Hydration for Health

Drinking an adequate volume of fluid, primarily water, is vital to our health and wellness.  Water accounts for 60% of our total body weight and insufficient water intake or excessive water loss can wreak havoc with our health.  Dehydration—the state of depletion of total body water—tends to occur more commonly in the hotter summer months of the Northern Hemisphere.  Our bodies are remarkably well engineered and are designed to give us the proper feedback to maintain our health—whether it is fatigue begging for sleep, hunger demanding food or thirst calling for water.  So it is quite important for us to listen carefully to what our bodies are telling us, and respond appropriately.  When we become thirsty, it is usually a sign of mild dehydration, although excessive salt intake can also drive thirst.

Proper hydration is fundamental to maintain blood volume, blood pressure, temperature control as well as all of our metabolic processes.  Dehydration can occur under a number of circumstances, including excessive exposure to high temperatures, sweating from athletic pursuits, or that which results from vomiting, diarrhea, a bowel preparation for colonoscopy or simply not enough water consumption.

Body water is lost through obvious sources such as urination, bowel movements and sweating, but there are also insensible losses including vapor lost with breathing and evaporation of water from our skin in the absence of overt sweating.

If we are adequately hydrated, we will not be thirsty and our urine will appear dilute, similar to the color of light American beer.  Dehydration is marked by thirst, decreased urine output, and urine that is darker in color, similar to the color of a  amber, rich German beer.  Inadequate hydration can cause a host of symptoms, including fatigue, headache, lightheadedness and dizziness.  It can lead to confusion and impaired judgment, and if progressive, can ultimately cause heat stroke, a medical condition that demands emergent management and fluid resuscitation.  Children and the elderly are most at risk for the occurrence of dehydration.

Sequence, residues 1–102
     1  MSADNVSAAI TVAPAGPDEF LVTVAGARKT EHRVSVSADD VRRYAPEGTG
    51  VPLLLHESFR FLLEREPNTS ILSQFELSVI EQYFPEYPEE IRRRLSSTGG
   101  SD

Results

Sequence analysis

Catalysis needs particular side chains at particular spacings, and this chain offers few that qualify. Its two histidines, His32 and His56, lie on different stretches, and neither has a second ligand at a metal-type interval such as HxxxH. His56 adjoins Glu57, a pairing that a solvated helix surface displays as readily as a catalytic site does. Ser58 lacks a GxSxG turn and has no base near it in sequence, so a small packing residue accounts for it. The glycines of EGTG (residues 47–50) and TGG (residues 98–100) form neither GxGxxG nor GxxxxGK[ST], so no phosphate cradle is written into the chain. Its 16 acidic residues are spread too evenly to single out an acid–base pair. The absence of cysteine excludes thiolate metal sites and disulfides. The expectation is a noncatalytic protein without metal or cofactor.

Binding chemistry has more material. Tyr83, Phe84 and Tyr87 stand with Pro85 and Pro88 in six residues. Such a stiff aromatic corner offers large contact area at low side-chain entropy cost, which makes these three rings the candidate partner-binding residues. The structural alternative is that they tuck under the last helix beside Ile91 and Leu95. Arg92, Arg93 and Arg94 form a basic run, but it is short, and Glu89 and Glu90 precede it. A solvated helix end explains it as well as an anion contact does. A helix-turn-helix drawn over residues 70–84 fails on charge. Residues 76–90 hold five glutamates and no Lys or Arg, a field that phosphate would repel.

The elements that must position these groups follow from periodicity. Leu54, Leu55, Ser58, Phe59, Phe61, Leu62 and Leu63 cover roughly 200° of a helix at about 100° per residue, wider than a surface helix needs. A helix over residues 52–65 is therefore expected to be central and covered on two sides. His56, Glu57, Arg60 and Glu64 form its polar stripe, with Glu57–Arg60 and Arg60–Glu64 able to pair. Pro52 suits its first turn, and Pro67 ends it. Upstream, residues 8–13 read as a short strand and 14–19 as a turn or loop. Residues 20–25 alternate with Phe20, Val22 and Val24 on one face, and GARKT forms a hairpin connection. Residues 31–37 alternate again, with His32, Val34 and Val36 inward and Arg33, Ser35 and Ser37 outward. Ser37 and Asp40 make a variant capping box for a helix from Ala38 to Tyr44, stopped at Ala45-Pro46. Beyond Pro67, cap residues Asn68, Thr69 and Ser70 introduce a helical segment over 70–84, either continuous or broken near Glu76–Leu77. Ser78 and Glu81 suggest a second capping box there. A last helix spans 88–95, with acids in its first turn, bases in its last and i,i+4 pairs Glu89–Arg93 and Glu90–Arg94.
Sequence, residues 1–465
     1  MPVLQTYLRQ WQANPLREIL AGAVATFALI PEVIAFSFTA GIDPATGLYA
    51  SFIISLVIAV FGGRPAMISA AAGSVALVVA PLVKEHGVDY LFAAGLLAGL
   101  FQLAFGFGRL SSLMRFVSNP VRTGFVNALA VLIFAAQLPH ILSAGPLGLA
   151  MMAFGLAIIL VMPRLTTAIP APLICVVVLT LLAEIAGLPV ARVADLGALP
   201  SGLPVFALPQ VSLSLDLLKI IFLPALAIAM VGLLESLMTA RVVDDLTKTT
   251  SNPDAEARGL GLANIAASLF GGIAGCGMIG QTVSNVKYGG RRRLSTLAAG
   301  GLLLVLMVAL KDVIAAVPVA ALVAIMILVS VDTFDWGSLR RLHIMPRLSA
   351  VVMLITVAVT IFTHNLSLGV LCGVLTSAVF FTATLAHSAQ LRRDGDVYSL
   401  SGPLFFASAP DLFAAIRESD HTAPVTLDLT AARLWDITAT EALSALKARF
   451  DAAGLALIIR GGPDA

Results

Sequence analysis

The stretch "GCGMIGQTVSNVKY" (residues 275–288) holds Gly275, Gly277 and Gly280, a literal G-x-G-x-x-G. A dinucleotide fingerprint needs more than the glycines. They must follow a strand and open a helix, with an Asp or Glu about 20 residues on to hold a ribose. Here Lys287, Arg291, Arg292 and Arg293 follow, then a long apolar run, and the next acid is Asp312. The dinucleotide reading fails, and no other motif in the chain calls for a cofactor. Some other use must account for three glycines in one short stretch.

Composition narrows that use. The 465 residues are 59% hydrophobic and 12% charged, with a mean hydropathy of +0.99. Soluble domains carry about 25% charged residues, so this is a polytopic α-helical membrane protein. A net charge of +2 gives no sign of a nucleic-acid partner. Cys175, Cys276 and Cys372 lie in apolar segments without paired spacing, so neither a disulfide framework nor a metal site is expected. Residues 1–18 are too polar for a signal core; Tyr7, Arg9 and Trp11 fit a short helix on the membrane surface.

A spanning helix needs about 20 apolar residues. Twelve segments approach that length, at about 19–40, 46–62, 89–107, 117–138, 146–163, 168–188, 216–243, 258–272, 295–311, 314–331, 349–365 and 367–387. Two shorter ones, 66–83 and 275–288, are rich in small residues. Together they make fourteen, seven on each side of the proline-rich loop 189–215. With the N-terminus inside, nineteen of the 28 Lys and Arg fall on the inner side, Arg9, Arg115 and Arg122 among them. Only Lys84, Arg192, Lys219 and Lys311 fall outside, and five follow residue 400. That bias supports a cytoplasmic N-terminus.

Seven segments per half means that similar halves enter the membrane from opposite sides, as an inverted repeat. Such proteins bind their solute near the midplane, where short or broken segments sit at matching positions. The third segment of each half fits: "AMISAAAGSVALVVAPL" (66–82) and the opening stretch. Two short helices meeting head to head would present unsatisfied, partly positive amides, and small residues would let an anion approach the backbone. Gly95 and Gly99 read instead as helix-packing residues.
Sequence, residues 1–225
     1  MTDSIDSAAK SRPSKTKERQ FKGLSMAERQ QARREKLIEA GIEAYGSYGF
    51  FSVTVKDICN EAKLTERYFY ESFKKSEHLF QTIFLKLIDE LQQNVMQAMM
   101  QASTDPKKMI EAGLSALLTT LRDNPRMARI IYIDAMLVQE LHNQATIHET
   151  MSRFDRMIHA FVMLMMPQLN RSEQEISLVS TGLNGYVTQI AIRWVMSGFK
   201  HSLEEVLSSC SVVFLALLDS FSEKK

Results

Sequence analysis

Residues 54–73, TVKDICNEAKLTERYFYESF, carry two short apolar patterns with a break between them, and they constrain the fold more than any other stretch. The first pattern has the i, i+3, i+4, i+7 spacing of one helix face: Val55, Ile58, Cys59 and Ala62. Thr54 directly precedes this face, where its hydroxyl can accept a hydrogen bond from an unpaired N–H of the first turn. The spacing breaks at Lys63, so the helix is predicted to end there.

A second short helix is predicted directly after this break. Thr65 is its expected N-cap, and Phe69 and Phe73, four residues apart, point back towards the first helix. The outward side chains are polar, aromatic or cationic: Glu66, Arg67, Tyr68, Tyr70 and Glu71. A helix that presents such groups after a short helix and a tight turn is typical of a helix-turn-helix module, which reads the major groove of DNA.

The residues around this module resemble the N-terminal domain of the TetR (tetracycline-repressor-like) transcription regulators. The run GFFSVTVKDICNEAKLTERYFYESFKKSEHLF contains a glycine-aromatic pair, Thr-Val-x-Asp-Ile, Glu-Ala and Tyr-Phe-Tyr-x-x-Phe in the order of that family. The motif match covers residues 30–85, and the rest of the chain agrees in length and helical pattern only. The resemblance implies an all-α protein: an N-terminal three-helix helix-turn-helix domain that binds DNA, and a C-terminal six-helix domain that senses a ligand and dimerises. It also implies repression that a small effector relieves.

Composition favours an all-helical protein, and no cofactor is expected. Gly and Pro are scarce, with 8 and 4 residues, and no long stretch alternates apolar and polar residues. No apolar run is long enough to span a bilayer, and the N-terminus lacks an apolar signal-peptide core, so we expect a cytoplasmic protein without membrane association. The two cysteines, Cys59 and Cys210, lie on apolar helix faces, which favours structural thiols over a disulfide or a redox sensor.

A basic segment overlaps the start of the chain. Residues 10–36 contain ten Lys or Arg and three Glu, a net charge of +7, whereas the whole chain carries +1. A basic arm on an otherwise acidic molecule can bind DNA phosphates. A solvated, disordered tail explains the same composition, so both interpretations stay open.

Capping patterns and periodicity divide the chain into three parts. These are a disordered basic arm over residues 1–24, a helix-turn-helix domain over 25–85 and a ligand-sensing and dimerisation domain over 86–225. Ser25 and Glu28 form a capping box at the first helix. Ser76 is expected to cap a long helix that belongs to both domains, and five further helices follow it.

Dehydration is one of the primary risk factors for kidney stones, that tend to occur when the urine gets very concentrated under which circumstances the calcium salts that are normally dissolved tend to precipitate out and form particles that can become stones.

In terms of weight management, thirst can often be confused or mistaken for hunger, and eating is a poor and inefficient means of rehydrating.  What we want and need when we are dehydrated is water and not calories.  Staying well hydrated can fill us up and suppress our hunger and help with the weight loss process, and as such, is an important component of many weight loss programs.

Our precise water requirement varies depending on our weight, the ambient temperature and our level of physical activity, so blanket generalizations such as 8 glasses per day–what I refer to as Cosmopolitan magazine dogma--are meaningless for an individual.  Adequate hydration is usually characterized by feeling well, lack of thirst, and adequate urine output that is clear or light yellow in color.  The bottom line is to be mindful of the external environment and mindful of the way our body feels, our thirst and our urine color—and to respond with increased water intake if circumstances dictate.  If it is a particularly hot day, or if we are going to be participating in vigorous athletic pursuits, it is best to pre-hydrate and to ensure that we have an adequate water supply in our possession.

Since we all tend to drink bottled water, for an interesting, eye-opening and astonishing report on the quality of the particular bottled water that you drink, consult the following website:

http://www.ewg.org/bottled-water-2011-search

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